The Second Sunday in Advent
December 5-6, 2009
Text: Luke 3:1-14
Dear Friends in Christ,
"You brood of vipers! Who warned you to flee from the wrath to come?“ It sounds really impressive, echoing off of desert rocks. It’s the kind of thing that needs a special kind of voice. Oh, let see, a voice like that of Charleton Heston. Actually we don’t have to imagine that. We just need the DVD. Heston is one of many actors, famous and not so famous to depict John on film. Perhaps the other really big name would Michael York. Heston played opposite Max Von Sydow’s Jesus, in what is considered one of the poorer film depictions of Christ’s life. John Wayne played the centurion at the cross in the same movie.
Luke, is a writer of great precision. He tells us exactly when these things happened. The fifteenth year of the reign of Tiberius would be 29 A.D. This fits nicely into the rule of Pilate which was from 26-36 A.D. Sometime objections are raised to placing this date at 29 A.D. on basis of Luke 3:23: Jesus, when he began his ministry, was about thirty years of age, being the son (as was supposed) of Joseph, the son of Heli, The claim is made that if John’s ministry began in 29 A.D. Jesus would be too old. But please note here that Luke is imprecise about the age of Jesus. He does not say that Jesus was exactly 30. Just in that general age range - thirtyish, thirty-something. So we must also be precise where Luke is precise, that is about the 15th year of Tiberius, and imprecise where Luke is imprecise, that is about the exact age of Jesus.
Thus, it was in the year 29 A.D. that this John began to preach in the wilderness. He was a wild man of desert. He lived his whole life under a Nazarite vow. Among other things, this meant that he never cut his hair. Think of Sampson in the Old Testament. He’d have fit right in at Woodstock.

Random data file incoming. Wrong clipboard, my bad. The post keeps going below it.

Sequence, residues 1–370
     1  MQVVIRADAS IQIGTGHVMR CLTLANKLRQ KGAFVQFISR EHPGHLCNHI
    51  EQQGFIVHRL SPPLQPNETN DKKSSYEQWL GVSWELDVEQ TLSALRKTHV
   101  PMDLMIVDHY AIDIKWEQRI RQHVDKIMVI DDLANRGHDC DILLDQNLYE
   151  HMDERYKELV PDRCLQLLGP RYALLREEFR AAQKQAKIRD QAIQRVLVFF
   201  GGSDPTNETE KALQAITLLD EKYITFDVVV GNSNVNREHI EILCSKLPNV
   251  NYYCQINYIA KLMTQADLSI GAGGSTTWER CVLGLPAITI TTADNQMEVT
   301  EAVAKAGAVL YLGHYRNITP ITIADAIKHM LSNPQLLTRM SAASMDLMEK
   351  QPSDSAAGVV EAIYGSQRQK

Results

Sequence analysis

Who was this man? What we know for certain is what we find in the Biblical text. Beyond this, we really just have historical guess work. Some suggest that he might have come out of the Essene community in the region of the Dead Sea. These would be the people who produced the Dead Sea scrolls. He may well have come from the Essene community. But that really doesn’t tell us much. The Essenes were a group of people who had withdrawn to the desert to wait for the coming of the Messiah. One of the interesting questions is when this happened. We don’t know. We know that the Essenes went out of business in the wake of the Bar Kochba revolt in 135 A.D. But we don’t know just when their communities were established. Conventional wisdom is in the first century B.C. so say around 50 B.C. But in fact there is no evidence of the existence of Essene communities in the Dead Sea region prior to the first century A.D. So it is entirely possible that communities like Qumran, where we found the Dead Sea Scrolls, were created in response to the birth of John the Baptist. Remember that this not so very far from the hill country of Judea from which John’s parents came.